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Good states for being hired as a Game Warden or State Trooper

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  • Good states for being hired as a Game Warden or State Trooper

    Hey everyone. I'm interested in finding out more about becoming a Game Warden or State Trooper. I'm 18 and a member of the Army National Guard and about to start community college studying criminal justice. I'm interested in being a Game Warden or a State Trooper and I'm wondering in which states I'd have a better chance of becoming one.

    Which western states have the biggest departments and the most need for new applicants. What states out here in the west have the lowest age requirements? Also, if anyone working in one of these positions could give me advice on getting hired and a rundown of their job and how they like it that'd be great. Thank you all for your time and thank you in advance for the replies!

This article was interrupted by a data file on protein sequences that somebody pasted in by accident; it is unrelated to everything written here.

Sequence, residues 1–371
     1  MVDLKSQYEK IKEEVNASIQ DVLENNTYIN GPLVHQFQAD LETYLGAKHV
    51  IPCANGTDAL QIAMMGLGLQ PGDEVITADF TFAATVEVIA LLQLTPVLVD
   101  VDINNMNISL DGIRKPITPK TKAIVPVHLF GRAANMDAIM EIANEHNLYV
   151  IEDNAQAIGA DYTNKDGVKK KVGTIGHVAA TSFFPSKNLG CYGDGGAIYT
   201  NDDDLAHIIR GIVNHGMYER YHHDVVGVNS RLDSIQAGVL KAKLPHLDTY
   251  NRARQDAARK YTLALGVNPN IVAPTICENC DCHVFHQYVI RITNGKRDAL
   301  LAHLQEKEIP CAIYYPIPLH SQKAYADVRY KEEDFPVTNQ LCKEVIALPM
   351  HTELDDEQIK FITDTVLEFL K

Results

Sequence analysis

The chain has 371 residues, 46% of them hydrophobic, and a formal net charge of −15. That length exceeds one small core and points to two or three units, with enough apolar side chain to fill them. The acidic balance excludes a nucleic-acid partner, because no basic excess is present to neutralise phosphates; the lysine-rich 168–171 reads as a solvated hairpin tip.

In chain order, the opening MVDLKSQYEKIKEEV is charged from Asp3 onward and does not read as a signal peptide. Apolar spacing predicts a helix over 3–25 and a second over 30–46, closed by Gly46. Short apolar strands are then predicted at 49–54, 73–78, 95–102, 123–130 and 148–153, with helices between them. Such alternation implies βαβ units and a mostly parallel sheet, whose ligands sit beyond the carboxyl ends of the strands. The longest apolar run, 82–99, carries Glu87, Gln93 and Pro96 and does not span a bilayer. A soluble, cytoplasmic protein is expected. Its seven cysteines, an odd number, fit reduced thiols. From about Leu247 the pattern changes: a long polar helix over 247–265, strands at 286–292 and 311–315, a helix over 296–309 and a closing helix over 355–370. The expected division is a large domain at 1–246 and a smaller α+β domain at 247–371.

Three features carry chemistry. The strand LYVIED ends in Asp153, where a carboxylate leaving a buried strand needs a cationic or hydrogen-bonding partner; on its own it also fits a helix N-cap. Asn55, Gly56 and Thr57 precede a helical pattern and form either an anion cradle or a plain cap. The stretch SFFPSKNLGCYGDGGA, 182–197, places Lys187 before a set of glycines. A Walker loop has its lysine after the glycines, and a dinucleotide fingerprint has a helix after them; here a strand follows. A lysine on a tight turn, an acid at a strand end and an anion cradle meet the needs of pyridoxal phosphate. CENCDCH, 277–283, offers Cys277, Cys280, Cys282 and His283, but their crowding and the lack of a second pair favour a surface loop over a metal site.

• #2
    If you're thinking of becoming a Game Warden I would change your topic of study to gear it more towards that instead of criminal justice

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    • #3
      Thanks for the reply! Right now I'm thinking of getting an associate's in Criminal Justice and taking some biology classes and then hopefully switching to Utah State University to get my bachelor's in Wildlife Science.

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      • #4
        don't do drugs, don't get arrested (too much) don't strip mine your credit, don't marry someone who will try and train you to be a housepet. Don't buy anything you cannot pack into a van and leave.

        This way, you can apply for anything, anywhere, at anytime, and work seasonal/volunteer type jobs to get in.

        M-11
        “All men dream...... But not equally..
        Those who dream by night in the dusty recesses of their minds wake in the day to find it is vanity;